"These cultural artifacts both reflect and reinforce ways of seeing the world and are correlated with cultural differences in ways of thinking about nature. Therefore, science communication must pay attention to culture and the corresponding different ways of looking at the world."

Medin said their previous work reveals that Native Americans traditionally see themselves as a part of nature and tend to focus on ecological relationships. In contrast, European-Americans tend to see humans as apart from nature and focus more on taxonomic relationships.

"We show that these cultural differences are also reflected in media, such as children's picture books," said Medin, who co-authored the study with Megan Bang of the University of Washington. "Books authored and illustrated by Native Americans are more likely to have illustrations of scenes that are close-up, and the text is more likely to mention the plants, trees and other geographic features and relationships that are present compared with popular children's books not done by Native Americans.

"The European-American cultural assumption that humans are not part of ecosystems is readily apparent in illustrations," he said.

The authors went to Google images and entered "ecosystems," and 98 percent of the images did not have humans present. A fair number of the remaining 2 percent had children outside the ecosystem, observing it through a magnifying glass and saying, "I spy an ecosystem."

"These results suggest that formal and informal science communications are not culturally neutral but rather embody particular cultural assumptions that exclude people from nature," Medin said.

Medin and his research team have developed a series of "urban ecology" programs at the American Indian Center of Chicago, and these programs suggest that children can learn about the rest of nature in urban settings and come to see humans as active players in the world ecosystems.
EurekAlert. 2014. “The cultural side of science communication”. EurekAlert. Posted: September 30, 2014. Available online:

Friday, November 14, 2014

Unique archaeological discovery in Supraśl

A place where people performed rituals more than four thousand years ago has been discovered by archaeologists in Supraśl (Podlaskie). The closest analogies to discovered fragments of ceramic vessels originate from the Iberian Peninsula, told PAP Dariusz Manasterski, one of the leaders of the excavation.

The discovery was made on a sands and gravels elevation covered with oaks, formed as a result of a moving glacier. Dr. Włodzimierz Kwiatkowski of the Knyszyń Forest Landscape Park suggested that in terms of the environment and vegetation, the area looked similar at the time of the creation of the ritual place.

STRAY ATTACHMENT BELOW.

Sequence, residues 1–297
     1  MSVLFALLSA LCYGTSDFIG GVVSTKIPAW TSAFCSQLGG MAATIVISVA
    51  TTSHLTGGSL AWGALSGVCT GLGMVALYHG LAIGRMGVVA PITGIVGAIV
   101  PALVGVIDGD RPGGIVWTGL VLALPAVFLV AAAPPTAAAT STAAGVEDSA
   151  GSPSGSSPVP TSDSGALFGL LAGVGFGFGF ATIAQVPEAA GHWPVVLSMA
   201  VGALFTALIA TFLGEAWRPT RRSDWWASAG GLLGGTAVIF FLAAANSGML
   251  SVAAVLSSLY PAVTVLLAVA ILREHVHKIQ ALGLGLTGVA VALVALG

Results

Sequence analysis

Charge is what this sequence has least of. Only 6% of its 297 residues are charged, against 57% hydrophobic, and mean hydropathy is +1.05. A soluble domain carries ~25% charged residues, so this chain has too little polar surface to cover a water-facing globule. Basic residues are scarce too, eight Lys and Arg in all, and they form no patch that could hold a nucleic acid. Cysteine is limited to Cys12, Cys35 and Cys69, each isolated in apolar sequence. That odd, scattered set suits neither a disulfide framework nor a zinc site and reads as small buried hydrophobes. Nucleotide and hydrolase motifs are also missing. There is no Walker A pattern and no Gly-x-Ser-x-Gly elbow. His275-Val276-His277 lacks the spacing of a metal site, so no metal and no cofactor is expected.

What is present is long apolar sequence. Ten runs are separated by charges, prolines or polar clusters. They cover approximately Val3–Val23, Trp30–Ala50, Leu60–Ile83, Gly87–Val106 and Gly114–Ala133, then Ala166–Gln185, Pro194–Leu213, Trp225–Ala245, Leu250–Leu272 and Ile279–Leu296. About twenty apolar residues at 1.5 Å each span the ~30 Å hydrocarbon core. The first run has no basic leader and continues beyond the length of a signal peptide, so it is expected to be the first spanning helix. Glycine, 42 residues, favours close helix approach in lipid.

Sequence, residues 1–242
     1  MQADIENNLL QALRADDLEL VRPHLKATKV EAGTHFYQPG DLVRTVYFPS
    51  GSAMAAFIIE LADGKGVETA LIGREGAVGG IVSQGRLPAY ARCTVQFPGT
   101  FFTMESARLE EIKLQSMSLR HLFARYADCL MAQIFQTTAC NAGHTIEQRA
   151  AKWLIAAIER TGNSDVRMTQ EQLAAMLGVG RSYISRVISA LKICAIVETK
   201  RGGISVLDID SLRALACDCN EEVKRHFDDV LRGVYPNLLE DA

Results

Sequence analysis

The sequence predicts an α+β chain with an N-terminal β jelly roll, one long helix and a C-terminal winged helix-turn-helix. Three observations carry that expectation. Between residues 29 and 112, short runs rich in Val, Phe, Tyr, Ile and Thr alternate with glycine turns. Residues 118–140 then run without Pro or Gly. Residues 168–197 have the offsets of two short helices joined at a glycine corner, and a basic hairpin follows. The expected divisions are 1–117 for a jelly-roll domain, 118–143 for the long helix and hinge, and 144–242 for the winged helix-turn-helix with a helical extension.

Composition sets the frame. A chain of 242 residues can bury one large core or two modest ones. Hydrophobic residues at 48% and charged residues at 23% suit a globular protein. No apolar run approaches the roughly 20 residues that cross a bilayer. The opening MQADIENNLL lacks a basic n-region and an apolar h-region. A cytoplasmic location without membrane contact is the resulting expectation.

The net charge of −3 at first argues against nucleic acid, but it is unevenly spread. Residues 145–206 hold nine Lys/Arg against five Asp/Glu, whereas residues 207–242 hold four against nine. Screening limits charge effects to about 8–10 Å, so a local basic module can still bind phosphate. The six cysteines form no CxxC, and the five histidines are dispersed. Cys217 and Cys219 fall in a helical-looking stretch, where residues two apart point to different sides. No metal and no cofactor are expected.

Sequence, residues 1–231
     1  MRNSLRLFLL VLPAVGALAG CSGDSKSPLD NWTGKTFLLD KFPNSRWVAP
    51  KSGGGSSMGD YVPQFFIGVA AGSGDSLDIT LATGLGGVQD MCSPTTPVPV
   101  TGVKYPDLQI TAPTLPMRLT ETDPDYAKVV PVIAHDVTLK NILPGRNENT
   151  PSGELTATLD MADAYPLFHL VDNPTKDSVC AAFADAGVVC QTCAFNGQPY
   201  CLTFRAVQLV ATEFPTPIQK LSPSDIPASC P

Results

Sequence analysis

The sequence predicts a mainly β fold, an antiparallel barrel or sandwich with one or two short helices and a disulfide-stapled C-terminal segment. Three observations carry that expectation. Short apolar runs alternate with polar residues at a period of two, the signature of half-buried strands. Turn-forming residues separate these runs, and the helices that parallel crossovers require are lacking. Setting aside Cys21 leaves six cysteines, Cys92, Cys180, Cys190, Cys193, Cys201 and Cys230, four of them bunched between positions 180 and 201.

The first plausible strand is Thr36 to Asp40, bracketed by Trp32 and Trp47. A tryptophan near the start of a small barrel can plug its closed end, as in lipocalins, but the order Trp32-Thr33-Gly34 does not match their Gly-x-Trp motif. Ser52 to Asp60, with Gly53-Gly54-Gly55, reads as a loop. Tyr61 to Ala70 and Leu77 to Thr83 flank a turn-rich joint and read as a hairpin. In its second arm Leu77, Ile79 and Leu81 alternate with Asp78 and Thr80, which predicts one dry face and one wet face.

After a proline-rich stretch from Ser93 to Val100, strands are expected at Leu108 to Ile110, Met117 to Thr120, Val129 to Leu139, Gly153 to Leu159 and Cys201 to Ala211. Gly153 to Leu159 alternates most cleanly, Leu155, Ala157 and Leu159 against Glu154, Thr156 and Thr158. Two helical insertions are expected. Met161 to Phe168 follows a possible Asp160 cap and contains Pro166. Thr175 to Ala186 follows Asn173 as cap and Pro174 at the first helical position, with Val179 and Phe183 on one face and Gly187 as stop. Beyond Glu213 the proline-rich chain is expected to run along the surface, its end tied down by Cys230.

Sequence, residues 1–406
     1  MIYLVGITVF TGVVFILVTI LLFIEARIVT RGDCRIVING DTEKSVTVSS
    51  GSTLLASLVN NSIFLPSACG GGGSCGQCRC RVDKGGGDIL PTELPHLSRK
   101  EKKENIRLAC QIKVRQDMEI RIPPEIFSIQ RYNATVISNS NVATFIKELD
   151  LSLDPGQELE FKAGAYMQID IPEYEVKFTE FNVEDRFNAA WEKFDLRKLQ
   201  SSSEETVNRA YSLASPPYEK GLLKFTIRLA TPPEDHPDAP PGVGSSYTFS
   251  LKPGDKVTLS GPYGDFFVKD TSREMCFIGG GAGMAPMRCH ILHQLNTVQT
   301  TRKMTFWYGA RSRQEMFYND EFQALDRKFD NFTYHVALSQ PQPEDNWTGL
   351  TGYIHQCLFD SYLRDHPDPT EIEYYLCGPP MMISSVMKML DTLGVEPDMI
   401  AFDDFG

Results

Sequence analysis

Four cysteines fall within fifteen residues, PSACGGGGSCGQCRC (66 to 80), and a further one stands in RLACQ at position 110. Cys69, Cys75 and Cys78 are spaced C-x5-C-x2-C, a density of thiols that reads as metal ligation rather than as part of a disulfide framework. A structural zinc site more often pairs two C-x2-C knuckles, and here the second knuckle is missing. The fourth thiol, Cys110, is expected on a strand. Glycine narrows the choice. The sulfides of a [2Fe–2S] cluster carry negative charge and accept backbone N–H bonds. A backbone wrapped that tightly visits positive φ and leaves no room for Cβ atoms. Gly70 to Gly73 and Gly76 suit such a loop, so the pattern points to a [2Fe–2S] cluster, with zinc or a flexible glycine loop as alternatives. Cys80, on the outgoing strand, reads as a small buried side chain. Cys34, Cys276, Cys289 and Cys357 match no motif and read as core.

At the highest point of the elevation, archaeologists stumbled upon fragments of cups and bowls, belonging to the Bell Beaker community, named after the culture's distinctive pottery drinking vessels that resemble inverted bells. This culture inhabited large areas of Europe and even North Africa, but can not be identified with one particular people. Vessels discovered in Supraśl were decorated with incised ornament on both the outer and inner surface.  

According to the researchers, the vessels were associated with libation rituals with alcohol beverages. The drinks were ceremonial or prestige, and the vessels from which they were consumed - presentable.  

Fragments of decorated vessels were surrounded by a small cluster of burned animal or human bones, where the archaeologists also found a fragment of amber bead. Another object made of this material was placed near the cluster, next to burned bones.  

"Amber was an exotic and prestigious material for the Bell Beaker communities, and never before found in Podlasie. Discovered ornaments are among the oldest objects of this type in the region" - said Dr. Manasterski.  

In the place of rituals, archaeologists also found items made of stone and flint. The first category included an arrow straightener, an adze, fragment of curved blade (so-called Krummesser) and fragments of a dagger. Flint objects included arrowheads, various inserts for tools with a complex blade design and knives.  

"All the stone artefacts are perfectly made and alien to the local production. These objects rare in this part of Europe, and very prestigious" - said Dr. Manasterski.  

Some of the items were damaged or unfinished, which according to the archaeologists may be associated with a symbolic meaning for people who offered them.  

"The entire ritual deposit is an exceptional find in the central Europe. It contains one of the richest collections of objects usually found in the elite skeletal graves in Western Europe from this period" - said the researcher.  

Archaeologists believe that the representative bell beaker fragments, ornaments made of exotic material and parts of prestigious arms indicate the presence near Supraśl of privileged persons with a different, higher social status, ancestors of the aristocracy. However, so far have not been able to unambiguously determine the origin of the discovered objects. Specialized laboratory tests will help answer this question.